The Playgoer: The Long Commute

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Thursday, November 02, 2006

The Long Commute

I have belatedly stumbled on a very good arts blog (hosted by ArtsJournal) by one Andrew Taylor, who, among other things, runs an Arts Admin program at Madison Wisconsin. Here's an interesting post of his on that recent study about America's increasing commute time.

What does this mean for cultural institutions? If your facility is in the downtown core, it means your potential audience has a longer drive home, and may not even be coming downtown anymore. If your facility is in the suburbs, your audience may be coming home tired and ready to cocoon. But if you're creative about when and how you connect with an audience, there are lots of interesting ideas awaiting (podcast interviews with your artists for listening in the car, short and early commuter concerts to keep audiences downtown just long enough for the roads to clear, and on and on).

I have a bad reflexive reaction against the podcast idea--but perhaps it would be an interesting way to extend program notes?

Aside from that, though, he's absolutely right about the problem now theatres and concert halls still being downtown when no one lives there. I used to get excited about those plans to build more arts institutions in the cities to bring folks downtown. But I'm not sure that's working. So many of our cities are just ghost towns at night and their nighttime/weekend business all stolen by the malls.

So bring the art to the people, I say! Bring it to where they live. Even if that means the "exurbs."


Contrapositive said...

Before Katrina, at least, the Southern Rep was housed on the second floor of a high-end mall a few blocks outside the French Quarter. (Not sure where they are now.) It seemed to work nicely for them.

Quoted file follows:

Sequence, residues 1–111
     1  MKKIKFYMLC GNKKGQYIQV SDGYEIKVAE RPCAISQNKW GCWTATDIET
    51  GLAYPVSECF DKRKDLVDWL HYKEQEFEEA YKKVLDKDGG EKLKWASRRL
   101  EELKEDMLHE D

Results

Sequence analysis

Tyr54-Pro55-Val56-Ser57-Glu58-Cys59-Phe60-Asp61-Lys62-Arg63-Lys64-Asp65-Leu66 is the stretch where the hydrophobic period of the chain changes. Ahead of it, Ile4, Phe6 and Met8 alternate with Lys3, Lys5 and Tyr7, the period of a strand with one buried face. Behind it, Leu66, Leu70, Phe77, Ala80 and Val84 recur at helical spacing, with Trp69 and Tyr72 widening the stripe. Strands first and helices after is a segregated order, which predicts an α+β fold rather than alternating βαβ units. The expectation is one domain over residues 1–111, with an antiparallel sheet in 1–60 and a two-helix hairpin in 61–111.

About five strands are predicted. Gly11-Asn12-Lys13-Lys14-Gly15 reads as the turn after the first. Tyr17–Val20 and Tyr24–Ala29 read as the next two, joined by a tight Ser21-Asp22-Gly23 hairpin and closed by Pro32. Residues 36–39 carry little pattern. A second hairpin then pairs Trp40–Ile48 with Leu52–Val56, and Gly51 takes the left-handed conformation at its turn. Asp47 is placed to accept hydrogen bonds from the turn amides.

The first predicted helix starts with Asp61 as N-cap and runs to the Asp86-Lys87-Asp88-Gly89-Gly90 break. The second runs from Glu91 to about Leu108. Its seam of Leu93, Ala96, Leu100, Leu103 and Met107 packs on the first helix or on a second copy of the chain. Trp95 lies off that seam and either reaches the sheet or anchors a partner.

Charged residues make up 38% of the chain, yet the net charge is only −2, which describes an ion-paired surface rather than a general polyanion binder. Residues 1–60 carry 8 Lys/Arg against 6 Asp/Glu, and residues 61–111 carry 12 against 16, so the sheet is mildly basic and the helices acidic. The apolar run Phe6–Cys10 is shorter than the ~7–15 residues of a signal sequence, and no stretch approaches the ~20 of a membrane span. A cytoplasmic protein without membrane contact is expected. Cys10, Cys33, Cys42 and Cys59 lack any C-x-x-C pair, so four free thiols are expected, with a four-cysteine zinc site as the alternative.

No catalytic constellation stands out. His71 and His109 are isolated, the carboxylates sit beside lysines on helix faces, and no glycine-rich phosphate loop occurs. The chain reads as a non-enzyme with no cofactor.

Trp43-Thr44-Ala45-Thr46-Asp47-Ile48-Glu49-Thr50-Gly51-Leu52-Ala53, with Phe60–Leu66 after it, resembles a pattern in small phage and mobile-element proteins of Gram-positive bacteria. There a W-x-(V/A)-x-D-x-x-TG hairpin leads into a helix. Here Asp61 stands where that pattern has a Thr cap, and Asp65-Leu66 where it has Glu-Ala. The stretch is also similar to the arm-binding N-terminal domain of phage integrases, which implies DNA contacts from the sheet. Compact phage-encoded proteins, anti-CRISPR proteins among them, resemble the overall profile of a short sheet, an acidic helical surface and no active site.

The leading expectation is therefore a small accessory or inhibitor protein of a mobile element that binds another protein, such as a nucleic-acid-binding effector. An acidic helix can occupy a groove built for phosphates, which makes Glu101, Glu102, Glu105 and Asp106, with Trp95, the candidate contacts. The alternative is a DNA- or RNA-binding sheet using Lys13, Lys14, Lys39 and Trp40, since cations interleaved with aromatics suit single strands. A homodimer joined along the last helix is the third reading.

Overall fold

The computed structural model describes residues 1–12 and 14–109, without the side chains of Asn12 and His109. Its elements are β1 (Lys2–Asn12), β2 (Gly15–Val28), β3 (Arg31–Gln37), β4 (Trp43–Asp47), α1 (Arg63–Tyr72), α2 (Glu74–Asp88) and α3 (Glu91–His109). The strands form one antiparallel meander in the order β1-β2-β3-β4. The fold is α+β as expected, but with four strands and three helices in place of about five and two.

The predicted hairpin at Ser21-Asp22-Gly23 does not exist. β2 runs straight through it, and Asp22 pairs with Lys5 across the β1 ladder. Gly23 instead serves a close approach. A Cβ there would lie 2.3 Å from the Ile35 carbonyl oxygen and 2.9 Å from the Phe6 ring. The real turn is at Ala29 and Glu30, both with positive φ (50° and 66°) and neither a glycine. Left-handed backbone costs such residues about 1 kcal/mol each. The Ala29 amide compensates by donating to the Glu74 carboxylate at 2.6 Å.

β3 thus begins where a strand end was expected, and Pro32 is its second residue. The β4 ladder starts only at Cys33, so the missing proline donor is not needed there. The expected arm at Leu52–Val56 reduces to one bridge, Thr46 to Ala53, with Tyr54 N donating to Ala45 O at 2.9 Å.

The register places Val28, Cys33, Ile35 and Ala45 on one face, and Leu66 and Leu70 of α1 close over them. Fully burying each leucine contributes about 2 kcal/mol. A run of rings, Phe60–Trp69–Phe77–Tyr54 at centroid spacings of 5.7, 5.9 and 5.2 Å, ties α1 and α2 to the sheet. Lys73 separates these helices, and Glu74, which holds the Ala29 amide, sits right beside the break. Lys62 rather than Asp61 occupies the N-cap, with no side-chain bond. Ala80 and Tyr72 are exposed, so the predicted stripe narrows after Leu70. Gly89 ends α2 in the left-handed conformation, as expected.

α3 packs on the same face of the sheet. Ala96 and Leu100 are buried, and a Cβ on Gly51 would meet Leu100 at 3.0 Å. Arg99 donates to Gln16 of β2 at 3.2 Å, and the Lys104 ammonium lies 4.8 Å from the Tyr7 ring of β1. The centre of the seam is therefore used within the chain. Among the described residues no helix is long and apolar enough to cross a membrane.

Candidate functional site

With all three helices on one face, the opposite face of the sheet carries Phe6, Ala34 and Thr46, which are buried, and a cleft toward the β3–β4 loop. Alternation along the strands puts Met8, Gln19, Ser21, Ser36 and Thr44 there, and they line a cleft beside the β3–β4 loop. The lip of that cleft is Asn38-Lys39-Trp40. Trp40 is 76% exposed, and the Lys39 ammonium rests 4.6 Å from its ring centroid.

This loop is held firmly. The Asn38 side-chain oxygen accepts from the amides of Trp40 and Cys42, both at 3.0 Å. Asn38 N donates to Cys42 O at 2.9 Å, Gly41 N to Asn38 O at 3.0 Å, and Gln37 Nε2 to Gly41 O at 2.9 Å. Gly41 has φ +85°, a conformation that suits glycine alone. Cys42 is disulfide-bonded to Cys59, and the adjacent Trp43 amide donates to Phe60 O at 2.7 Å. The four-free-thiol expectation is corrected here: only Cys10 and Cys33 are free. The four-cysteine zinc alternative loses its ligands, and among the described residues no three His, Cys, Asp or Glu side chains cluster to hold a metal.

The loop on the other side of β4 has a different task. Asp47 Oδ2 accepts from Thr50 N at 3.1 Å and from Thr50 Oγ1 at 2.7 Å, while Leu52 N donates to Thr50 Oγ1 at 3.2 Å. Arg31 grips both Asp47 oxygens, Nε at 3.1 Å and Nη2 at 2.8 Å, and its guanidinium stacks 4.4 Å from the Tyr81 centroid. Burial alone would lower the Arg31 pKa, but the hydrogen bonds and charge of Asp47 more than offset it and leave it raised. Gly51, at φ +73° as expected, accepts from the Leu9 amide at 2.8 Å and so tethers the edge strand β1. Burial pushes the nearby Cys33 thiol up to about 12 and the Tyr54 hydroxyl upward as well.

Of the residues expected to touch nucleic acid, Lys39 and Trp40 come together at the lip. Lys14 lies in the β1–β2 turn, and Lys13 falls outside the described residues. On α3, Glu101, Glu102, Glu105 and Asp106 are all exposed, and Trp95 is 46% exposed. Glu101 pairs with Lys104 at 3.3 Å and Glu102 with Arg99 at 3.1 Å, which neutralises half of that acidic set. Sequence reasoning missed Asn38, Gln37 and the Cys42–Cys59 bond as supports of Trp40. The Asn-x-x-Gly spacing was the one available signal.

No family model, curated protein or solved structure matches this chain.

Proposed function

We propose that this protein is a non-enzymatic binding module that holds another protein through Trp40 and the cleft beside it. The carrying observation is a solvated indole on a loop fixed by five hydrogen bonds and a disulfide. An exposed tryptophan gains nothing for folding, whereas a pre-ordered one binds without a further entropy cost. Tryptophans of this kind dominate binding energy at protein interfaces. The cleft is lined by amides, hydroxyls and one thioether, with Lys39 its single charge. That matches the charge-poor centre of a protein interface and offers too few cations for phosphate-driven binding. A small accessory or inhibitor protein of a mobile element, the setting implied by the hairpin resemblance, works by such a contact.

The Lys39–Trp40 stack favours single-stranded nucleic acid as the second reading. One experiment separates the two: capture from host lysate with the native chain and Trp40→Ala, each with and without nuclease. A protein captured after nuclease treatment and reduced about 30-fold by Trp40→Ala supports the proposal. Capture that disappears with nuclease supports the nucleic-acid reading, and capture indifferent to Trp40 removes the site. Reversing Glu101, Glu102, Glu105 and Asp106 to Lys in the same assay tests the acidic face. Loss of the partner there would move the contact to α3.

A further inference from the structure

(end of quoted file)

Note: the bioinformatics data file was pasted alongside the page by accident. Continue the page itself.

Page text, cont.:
I think you're right: Build theaters where the people are.

Anonymous said...

People's Light and Theatre Company deep in the Philadelphia suburbs is successful enough to have maintained a permanent acting company (which means benefits, etc. for actors) for years and years.

Art said...

The opinion Journal had an article on the Arts growing in suburbia back in 2005.

Big concert halls are being built near large shopping centers.

RB Ripley said...

Sadly, until the tax benefits and government / business relationships are given to public transport rather than the automobile infrastructure, our cities will continue a slow decline as the suburbs continue to sprawl.

In terms of the Theatre and its survival, it seems that looking at the issue through the question of what's most important? That we continue to grow the audience or where the audience sees a show? For me, that's a no brainer.

I'm curious as to why you're reaction was so strongly against podcasts? It's a terrific idea to offer program notes, but also get folks involved with more than the actors who usually get interviewed. Exposing newer audience members to all facets of the theatre from acting and directing to writing and design can only serve to spark interest.